Settler or Canadian?

I hold these two identities in which are settler and Canadian. Which one do I identify with? This is the question that I am faced with today and have started to unpack.

1233975_10201466672324187_722828254_n                      vs.            0511-0908-2223-4554_black_and_white_covered_wagon_clipart_image

Canadian is at the forefront of who I am, it is the basis for my identity and who I have shaped into as an individual. I am ever so proud to state that I am apart of Canada. I grew up here and Canada is in my blood. Canadians are nice, polite welcome people right? This is always what we hear and embrace. I love eating poutine and taking part in snow activities. I become overwhelmed with emotions when singing the national anthem is schools everyday. I am surrounded by Canadian culture and feel pride when seeing Canadian flags on cars, patios, motor homes etc. Canada day brings the most joy to my life when I  look around and see everyone embracing our cultural traditions and celebrations.

At least this is how I used to feel..

Feelings of shame and guilt overcome me when looking back on these thoughts that used to consume me. I have came to the realisation that this is a very colonial way of thinking and that I do not want to be bringing these colonial ways of thinking into a classroom with me. When I step back and think about Canada, I see that things are not always equal and respect is not always upheld. Sure, we claim to be multicultural, but what about all those ‘buts’ that come with immigration into Canada. ‘You are allowed to embrace your cultural beliefs but you must …’ This reality does not embrace the polite, welcoming and nice attitude that I was convinced Canadians held. This attitude of mine came from the education – or lack there of – that I had throughout school. I received little education on Indigenous peoples and their culture. I especially lacked knowledge about colonisation from an Indigenous view, which widely affected my perspectives on what it means to be a Treaty person. The lack of education that I had received greatly affected my worldview and the principles that I had for myself.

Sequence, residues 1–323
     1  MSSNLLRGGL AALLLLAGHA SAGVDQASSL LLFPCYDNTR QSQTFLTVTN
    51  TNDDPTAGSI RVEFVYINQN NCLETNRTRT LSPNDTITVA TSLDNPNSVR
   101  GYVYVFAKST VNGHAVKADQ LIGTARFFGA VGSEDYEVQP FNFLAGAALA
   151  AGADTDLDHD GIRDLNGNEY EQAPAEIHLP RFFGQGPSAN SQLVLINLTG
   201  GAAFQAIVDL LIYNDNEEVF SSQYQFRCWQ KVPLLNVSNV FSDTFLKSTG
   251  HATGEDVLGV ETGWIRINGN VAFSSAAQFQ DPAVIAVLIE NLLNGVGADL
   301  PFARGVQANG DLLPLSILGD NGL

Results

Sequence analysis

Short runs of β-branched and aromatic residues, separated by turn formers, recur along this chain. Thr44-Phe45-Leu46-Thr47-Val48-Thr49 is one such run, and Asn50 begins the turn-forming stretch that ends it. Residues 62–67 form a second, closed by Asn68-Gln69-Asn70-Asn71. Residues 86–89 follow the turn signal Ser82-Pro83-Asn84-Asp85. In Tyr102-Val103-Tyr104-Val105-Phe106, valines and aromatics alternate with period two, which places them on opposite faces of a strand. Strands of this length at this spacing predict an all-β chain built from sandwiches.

I included the above black and white picture for a purposeful reason. This is what the term ‘settler’ symbols for me. When I look at this picture, I don’t feel connected to it an it remind me of something that happened a long time ago. The term settler almost makes me feel this way and brings feelings that disturb my ‘comfort’ zone. This makes me feel very uncomfortable because I am not a settler, I did not do those unspeakable things. My white privilege never made me think of a connection between settler and Canadian before but not that I am immersed into such rich classes and conversation, I am beginning to think can you really be a Canadian without being a settler?  I am no longer as proud to be Canadian because without all of the ‘settling’ that happened, there would not be a Canada to be proud of. I think that it is crucial as part of my Treaty walk that I am uncomfortable with the term settler and I do not think that this makes me any less of an educator. If I become truly comfortable and confident in an area, then I have stopped my learning process and this is something that I always want to be continuing and embracing. I am a lifelong learner and wish to create many other lifelong learners along my journey.

The power of education is truly incredible. I am on an amazing journey of uneducating myself of the misinterpreted way that I received my knowledge and gaining a deeper meaning of what it is to be a Treaty person and how to embrace this in my classroom so that my students do not grow up with the colonial ideologies that I unfortunately did.

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